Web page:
The Heritage Classic Foundation contributed more to charity this year than last, but after subtracting the money it was merely passing along from other donors, the increase wasn't quite as dramatic.
The foundation that runs the RBC Heritage Presented by Boeing said in a recent news release that it transferred $2.1 million to other charities in 2013, the first year its new fundraising system was in effect.
However, about $480,000 of the total came from donors who routed contributions to their favorite charities through the foundation -- arguably, money those charities would have received, anyway.
Subtract those donations, and the tournament passed along about $1.6 million, or $100,000 more than in 2012.
"The residents of South Carolina are very generous and committed to the charities they support," said Stan Smith, the foundation's charity committee chairman. "We are glad we were able to team up with them to increase contributions. We know every dollar helps."
In January, the foundation announced it would no longer award outright grants to its partner charities. Instead, the foundation pledged a 20 percent match on private donations in amounts between $1,000 and $5,000 made through a new "Champions Fore Charity" program. It also added a 20 percent match to the money it raises through the PGA Tour's long-running "Birdies for Charity" program.
Recipients participating in Champions Fore Charity were instructed to ask their donors to send their contributions to the foundation instead; the foundation then passed along those contributions, plus 20 percent, to the intended charity.
In the past, many of the nonprofit organizations that benefited from the foundation's contributions applied for grants.
The purpose of the change, which puts more of the fundraising onus on the charities, is to promote charitable giving and to "stretch" those dollars, Smith has said. The new program produced $602,500 for nonprofits across South Carolina -- about $120,500 of which came from the foundation.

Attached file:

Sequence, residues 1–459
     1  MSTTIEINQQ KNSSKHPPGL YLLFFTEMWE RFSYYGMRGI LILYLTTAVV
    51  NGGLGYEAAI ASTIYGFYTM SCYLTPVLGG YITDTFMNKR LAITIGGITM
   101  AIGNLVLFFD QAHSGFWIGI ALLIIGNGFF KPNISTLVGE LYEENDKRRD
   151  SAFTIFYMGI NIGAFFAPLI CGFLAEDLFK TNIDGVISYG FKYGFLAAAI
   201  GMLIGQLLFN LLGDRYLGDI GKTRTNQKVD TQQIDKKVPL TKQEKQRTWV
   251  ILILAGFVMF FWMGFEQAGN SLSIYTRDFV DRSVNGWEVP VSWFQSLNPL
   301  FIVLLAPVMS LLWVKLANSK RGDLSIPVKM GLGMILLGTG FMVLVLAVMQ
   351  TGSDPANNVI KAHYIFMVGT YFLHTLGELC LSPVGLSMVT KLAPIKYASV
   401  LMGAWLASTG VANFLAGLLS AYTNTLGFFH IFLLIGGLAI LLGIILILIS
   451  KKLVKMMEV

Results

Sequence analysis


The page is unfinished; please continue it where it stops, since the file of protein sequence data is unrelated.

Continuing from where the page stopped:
Beaufort County nonprofit agencies reported mixed results from the new charitable-giving formula.
Charities that quickly mobilized their donors when the new model was unveiled in January benefited the most. In fact, some said the new procedure yielded more donations in a portion of the year than in all of the previous year, according to Island Packet interviews with several local charities.
Those whose donors typically pledge more modest amounts -- below the $1,000 threshold -- in some cases received less money than under the previous system, according to some charities.
Jean Heyduck, executive director of Literacy Volunteers of the Lowcountry, said her agency received less with the new formula. She said that likely is because her agency's donors were not yet familiar with the new format and she had just been hired when the changes were announced.
Nonetheless, she welcomes the changes.
"I think it's a brilliant idea," Heyduck said. "Local charities are always vying for the same dollars and there's never any guarantee you'll get the money. This behooves charities to work with their donors because that additional 20 percent can make a big difference on the bottom line, which is great."
Follow reporter Tom Barton at twitter.com/IPBG_Tom.